Ask A Scientist: Is there a scientific basis for water divining?

Multiple trials of water divining have shown dismal results.
Al Nisbet

Multiple trials of water divining have shown dismal results.

John Hale, of Dunedin, asked:- 

Is there a scientific basis for the practice of water-divining? 

Why does the related folklore stress that the dowser does it with a pronged hazel branch?

Vicki Hyde, a representative of the New Zealand Skeptics organisation, responded:

For hundreds of years people have claimed to be able to find underground water, lost people, or other hidden materials using a rod, forked stick or pendulum in the process called dowsing.

Some have claimed it works via paranormal powers, others have put forward various electromagnetic or geological explanations.

A more likely explanation involves well-known factors such as the ideomotor effect, where involuntary muscle action makes things swing or waver, and post hoc reasoning and confirmation bias, where positive results are celebrated and failures ignored or explained away.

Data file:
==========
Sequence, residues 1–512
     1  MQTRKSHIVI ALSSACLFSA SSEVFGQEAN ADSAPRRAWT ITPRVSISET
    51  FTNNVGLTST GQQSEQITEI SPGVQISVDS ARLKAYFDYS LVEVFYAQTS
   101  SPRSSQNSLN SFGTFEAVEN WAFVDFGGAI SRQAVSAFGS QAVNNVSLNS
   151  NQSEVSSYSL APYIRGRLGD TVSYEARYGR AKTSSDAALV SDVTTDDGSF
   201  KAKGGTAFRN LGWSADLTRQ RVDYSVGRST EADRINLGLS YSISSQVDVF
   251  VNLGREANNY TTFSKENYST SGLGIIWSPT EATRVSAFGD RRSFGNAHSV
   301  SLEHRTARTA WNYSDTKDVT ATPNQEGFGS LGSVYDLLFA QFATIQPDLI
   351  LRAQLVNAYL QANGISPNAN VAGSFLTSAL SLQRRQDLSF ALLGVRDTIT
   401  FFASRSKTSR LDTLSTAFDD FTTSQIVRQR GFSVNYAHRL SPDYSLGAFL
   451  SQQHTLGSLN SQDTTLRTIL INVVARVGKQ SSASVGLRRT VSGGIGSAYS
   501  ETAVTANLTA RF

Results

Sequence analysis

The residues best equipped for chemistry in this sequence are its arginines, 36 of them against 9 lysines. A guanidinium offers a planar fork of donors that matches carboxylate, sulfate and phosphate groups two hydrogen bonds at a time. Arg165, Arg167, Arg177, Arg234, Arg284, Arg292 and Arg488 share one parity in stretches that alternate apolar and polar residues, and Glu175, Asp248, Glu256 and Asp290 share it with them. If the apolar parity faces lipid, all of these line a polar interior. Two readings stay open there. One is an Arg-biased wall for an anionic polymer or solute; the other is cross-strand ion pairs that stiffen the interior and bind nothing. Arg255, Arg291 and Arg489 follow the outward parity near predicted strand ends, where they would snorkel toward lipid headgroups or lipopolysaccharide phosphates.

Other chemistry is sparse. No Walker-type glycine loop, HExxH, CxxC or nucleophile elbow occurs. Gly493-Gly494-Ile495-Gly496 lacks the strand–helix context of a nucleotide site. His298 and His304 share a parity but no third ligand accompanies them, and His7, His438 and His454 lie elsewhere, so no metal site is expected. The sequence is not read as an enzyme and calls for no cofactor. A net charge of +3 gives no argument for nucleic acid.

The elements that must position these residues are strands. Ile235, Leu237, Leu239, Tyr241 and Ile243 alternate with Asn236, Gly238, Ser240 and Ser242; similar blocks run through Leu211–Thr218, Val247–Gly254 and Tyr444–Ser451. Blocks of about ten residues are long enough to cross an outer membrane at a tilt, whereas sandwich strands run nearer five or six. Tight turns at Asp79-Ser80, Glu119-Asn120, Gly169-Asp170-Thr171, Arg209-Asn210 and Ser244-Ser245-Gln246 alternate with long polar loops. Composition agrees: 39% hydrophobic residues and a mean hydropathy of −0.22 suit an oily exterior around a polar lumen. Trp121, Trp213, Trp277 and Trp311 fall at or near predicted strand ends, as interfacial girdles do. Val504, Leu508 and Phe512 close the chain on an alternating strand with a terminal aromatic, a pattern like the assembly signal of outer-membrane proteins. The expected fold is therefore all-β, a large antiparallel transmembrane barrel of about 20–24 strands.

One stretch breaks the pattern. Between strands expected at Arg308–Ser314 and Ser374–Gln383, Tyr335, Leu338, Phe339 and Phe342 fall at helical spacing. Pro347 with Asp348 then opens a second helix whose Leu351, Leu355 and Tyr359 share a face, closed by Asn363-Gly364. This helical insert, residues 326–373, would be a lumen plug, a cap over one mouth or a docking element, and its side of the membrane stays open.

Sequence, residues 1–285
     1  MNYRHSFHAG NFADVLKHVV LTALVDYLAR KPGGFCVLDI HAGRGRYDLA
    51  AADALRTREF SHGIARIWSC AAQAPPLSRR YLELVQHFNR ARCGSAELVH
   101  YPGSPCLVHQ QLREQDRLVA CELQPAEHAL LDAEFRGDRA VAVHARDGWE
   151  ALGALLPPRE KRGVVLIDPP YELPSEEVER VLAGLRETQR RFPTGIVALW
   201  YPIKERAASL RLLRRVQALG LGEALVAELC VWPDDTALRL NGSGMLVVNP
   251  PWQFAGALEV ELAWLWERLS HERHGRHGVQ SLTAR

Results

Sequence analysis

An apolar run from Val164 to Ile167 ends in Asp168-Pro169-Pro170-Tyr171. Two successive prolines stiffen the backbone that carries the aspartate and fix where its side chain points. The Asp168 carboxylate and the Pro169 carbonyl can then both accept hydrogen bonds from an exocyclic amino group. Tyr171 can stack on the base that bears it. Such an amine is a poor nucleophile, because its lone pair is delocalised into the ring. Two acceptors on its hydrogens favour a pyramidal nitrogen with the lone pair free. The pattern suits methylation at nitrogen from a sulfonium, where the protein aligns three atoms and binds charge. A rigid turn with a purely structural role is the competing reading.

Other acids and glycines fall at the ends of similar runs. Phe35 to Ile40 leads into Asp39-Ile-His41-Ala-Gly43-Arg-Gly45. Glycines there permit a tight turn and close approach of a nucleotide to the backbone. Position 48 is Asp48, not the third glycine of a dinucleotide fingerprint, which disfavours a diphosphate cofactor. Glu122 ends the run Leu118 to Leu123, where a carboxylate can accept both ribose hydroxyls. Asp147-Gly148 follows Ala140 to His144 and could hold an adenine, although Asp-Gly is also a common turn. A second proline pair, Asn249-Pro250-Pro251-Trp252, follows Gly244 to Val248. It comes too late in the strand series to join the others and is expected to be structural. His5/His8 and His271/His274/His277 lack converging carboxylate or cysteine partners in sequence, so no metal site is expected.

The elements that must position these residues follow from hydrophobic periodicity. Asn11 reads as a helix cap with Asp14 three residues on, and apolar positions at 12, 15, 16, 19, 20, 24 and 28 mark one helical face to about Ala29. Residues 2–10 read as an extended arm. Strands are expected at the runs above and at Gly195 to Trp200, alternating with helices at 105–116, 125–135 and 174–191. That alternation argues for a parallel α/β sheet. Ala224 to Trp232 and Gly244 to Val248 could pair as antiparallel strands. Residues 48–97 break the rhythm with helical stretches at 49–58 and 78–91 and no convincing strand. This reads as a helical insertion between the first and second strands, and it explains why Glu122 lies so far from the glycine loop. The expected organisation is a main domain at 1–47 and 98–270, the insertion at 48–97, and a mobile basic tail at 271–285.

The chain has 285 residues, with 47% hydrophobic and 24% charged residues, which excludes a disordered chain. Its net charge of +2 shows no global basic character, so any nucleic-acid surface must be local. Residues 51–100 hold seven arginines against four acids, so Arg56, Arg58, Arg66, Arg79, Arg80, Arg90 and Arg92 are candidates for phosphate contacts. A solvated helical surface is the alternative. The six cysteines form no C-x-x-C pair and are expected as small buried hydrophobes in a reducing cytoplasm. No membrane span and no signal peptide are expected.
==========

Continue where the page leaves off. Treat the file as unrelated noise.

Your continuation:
The Australian Skeptics have offered diviners numerous chances to demonstrate their powers over the past 30 years in hundreds of agreed-upon tests; they even produced a Great Water Divining DVD collating material from 1980 to 2003.

Like other carefully controlled trials conducted around the world, the results have been dismal. In one test, the diviners predicted that their success rate would be better than 92 per cent; the actual result was 13.5 per cent, only very slightly above basic chance.

The only time dowsers have done significantly better than chance is when they knew where the sought-after material was before they started.

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Despite this consistent failure, extraordinary claims, and successful businesses, have been built around this practice.

Desperate drought-affected farmers have forked out thousands for dowsing services; oil companies have invested in searches using a map and a pendulum.

A more updated version has seen modernised metal dowsing rods backed up with fancy-looking electronic circuitry (often non-functioning!) which claim to be able to discover everything from lost golf balls to hidden bombs. They have proven as equally useless as the traditional hazelwood stick.

The online Skeptics Dictionary offers more details.

Send questions to Ask-A-Scientist, PO Box 31-035, Christchurch 8444, or  email: questions@ask-a-scientist.net

 - Stuff

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